Cree athletic programs will now have a unified plan for their future, as a new umbrella organization begins life with a mandate to expand programs and ensure the consistency and quality of sport and recreation activities among all communities in Eeyou Istchee.
The Eeyou Istchee Sports and Recreation Association (EISRA) will become the governing body of all Cree communities’ sports programs. The integrated oversight committee is tasked with maximizing the physical wellbeing of the James Bay Cree.
The EISRA began formulating a five-year plan for sports programs in earnest in December. It starts, they say, with working to improve existing programs. The committee will first assume management of the James Bay Hockey League and the Cree Hockey and Broomball tournament in Val d’Or, then work to create new community projects.
“We want to ensure the association asserts itself as the governing body for [the JBHL and the tournament], but this doesn’t necessarily mean governing recreation departments themselves,” explained John Henry Wapachee, who helped present the organization’s plan to a meeting of Cree band council chiefs in December. “We can partner with them. Ninety per cent of the board members are working in recreation and sports departments in communities, which is a good representation we believe.”
After setting up the early framework of the EISRA – the documents making it a legal corporation under Canadian law – Wapachee presented to the chiefs with Raymond Shanush, president of the EISRA. That presentation was about the other crucial building block.
“Finance is definitely an issue for expansion, which partially motivated the meeting with the chiefs,” said Shanush. “We want to develop a senior hockey league, junior A and B leagues, and a women’s broomball league.”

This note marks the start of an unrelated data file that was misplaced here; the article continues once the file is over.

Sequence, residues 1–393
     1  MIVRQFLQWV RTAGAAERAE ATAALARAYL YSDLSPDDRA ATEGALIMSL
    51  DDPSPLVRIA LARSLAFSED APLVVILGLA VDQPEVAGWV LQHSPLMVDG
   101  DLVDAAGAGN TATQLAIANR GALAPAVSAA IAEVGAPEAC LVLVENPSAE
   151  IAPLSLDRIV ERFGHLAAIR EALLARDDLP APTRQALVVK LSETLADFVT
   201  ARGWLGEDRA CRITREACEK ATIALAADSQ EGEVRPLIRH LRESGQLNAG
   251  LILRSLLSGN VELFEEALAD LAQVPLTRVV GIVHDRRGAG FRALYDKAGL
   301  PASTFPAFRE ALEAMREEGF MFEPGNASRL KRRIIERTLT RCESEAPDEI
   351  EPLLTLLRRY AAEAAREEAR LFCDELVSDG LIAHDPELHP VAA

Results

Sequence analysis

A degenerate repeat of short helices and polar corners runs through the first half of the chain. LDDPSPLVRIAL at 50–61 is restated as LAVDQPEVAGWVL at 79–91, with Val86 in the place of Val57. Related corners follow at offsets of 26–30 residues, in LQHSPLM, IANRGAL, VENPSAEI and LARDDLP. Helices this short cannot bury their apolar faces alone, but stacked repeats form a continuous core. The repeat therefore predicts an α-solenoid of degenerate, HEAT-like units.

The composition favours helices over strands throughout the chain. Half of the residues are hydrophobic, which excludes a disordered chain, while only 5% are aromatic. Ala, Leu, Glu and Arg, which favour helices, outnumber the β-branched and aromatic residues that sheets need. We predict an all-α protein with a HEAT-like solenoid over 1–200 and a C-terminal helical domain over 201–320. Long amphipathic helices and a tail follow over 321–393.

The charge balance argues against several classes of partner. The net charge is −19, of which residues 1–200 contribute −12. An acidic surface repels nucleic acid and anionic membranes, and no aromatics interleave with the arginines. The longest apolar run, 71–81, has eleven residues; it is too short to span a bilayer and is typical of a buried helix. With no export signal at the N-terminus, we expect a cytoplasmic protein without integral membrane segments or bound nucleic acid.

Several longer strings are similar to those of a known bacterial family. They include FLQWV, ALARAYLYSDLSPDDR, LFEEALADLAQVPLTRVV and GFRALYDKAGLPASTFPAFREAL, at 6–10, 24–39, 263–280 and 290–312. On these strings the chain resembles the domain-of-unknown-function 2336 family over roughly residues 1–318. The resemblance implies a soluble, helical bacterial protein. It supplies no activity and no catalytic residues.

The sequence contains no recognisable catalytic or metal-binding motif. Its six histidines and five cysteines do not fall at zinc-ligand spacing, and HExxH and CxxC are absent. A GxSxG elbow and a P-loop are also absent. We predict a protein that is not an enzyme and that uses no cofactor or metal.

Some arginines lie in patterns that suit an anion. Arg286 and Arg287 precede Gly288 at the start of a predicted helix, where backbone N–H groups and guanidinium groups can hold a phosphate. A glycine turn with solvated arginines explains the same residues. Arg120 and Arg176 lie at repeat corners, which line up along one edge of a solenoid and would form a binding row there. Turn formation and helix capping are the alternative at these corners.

The mention of programs tailored for girls is significant as in most Cree communities the availability of hockey programs for girls ends after Midget, and there’s not much beyond that level. Citing the rise in diabetes and obesity among the James Bay Cree, Shanush and Wapachee both stressed the broader role of the organization.
“A lot of the programs we do in sports and recreation are mainly to promote physical fitness and healthy lifestyle within the Cree Nation,” said Wapachee. “We want things to be geared towards the physical benefits of the person and community.
“That’s the first thing: getting active them active to combat [the rise in obesity],” added Shanush. “Each community has its own program to promote healthy eating and an active lifestyle, and that’s something we will be able to plan better as a group.”
It’s not surprising that there is a strong focus on hockey. The James Bay Minor Hockey League currently serves as a feeder to the Cree elite program, which Wapachee said the EISRA hopes to expand to include elite-level Atom, Peewee, Bantam and Midget teams. The logistics of this would be impossible without the expanded committee structure, Shanush said.
“We’re a small community: there’s about 16,000 people, but we’re really spread out,” he observed. “Three hours drive minimum, and usually you have to fly. We’re limited during the season with how much we can travel. By getting the organizations together, we avoid all the conflicts and make everything as easy as possible. That way we can budget accordingly, and we can actually plan for the net five years by working together.”
A minor softball tournament is in the works for the summer, as well as a new idea to introducing swim competitions for communities with pools. And though this will provide plenty of fun for Cree young and old, the focus is on a healthier future.
“Aside from health and well being, we put a strong emphasis on education,” said Wapachee. “It’s about making the kids understand education is important for them. There are some communities that have set up rules about doing well in school to be in the league, and we’re going to encourage this. Our prime goal is that students will focus on their education.”